Neurologic Abnormalities in Human Immunodeficiency Virus Infection

, Department of Psychiatry and Neurology, Tulane University School of Medicine, New Orleans, La 

South Med J. 2001;94(3) 

In This Article


Stroke prevalence in HIV-positive patients exceeds that expected for age-matched HIV-negative subjects. Autopsy studies have yielded a high prevalence of infarction and parenchymal hemorrhage in HIV-positive patients.[33] Leading causes of stroke in HIV-infected patients are listed in Table 3. In intravenous drug addicts, bacterial endocarditis should be considered. Endocarditis leads to septic embolism and septic arteritis, and consequent arterial involvement can cause infarction or formation of a mycotic aneurysm, with intracerebral or subarachnoid hemorrhage. Mycotic aneurysms are small, located in distal branches of the arteries, and can be detected by conventional catheterization and less readily by magnetic resonance angiography; associated hemorrhage is detected by CT.[34] Treatment with appropriate antimicrobial agents may be associated with healing (angiographic disappearance of the aneurysm) without surgery.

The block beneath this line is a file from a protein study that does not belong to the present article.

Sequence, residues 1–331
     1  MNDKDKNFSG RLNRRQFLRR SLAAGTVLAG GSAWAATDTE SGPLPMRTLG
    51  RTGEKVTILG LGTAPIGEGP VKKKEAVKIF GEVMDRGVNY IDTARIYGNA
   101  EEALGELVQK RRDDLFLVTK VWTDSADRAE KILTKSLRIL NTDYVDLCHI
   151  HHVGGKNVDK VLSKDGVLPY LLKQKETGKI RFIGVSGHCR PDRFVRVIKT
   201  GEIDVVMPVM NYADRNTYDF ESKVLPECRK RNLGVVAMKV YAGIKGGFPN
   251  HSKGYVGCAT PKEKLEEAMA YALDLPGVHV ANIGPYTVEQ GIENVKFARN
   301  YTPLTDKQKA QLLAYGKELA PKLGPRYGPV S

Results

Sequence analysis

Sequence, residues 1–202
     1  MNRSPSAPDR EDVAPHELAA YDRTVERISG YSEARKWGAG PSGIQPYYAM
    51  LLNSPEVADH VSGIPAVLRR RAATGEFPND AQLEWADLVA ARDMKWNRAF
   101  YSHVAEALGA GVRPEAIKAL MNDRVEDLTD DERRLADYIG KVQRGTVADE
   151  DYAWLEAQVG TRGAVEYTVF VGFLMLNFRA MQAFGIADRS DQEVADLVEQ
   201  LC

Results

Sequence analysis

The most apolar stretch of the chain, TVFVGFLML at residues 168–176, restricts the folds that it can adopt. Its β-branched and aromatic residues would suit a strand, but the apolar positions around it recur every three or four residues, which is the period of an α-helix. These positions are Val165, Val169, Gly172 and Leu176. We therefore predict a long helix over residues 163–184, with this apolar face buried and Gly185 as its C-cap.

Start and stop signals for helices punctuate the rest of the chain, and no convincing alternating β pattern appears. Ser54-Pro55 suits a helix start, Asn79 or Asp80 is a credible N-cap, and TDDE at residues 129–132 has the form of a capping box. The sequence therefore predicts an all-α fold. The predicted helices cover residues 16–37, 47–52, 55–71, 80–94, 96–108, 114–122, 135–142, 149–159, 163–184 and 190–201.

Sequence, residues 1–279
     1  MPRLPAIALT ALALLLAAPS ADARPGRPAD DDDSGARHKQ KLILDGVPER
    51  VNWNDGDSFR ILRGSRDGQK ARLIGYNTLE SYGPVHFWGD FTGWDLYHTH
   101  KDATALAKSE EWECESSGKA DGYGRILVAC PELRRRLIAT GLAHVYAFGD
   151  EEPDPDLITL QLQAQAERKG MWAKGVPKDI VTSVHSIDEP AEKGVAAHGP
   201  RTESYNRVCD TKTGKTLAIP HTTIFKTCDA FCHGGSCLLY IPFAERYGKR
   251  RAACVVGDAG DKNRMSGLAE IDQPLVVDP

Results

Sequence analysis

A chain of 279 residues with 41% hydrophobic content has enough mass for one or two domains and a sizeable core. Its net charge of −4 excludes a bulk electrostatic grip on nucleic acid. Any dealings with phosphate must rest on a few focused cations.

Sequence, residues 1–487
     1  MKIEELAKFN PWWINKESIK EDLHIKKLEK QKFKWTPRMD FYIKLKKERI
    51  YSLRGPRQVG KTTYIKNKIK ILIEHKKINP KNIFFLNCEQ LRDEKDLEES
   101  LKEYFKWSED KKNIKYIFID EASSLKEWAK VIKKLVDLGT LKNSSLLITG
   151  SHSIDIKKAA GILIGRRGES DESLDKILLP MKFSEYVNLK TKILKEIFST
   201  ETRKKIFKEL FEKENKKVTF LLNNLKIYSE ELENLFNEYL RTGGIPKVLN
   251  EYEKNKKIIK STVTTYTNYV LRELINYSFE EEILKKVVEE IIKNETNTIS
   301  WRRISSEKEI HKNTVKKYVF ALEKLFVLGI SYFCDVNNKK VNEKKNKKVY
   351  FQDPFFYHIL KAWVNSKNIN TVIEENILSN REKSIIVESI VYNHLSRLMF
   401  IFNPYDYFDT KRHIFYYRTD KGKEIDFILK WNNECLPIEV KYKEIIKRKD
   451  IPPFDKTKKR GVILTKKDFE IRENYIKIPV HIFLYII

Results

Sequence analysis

In HIV-infected patients with stroke, lumbar puncture is necessary to exclude meningovascular syphilis or another infectious meningitis. Herpes zoster infection can involve the middle cerebral artery, causing arteritis. When ischemic stroke develops in an HIV-positive patient, examine the patient for skin lesions consistent with herpes zoster, especially for lesions located around the eye (ophthalmic division of trigeminal nerve) and contralateral to the stroke deficit.[35] Recreational drugs, especially cocaine, can cause either ischemic or hemorrhagic stroke. When brain hemorrhage complicates use of a sympathomimetic drug, angiography should be done to look for an underlying vascular lesion, aneurysm, arteriovenous malformation, or vasculitis.[36]


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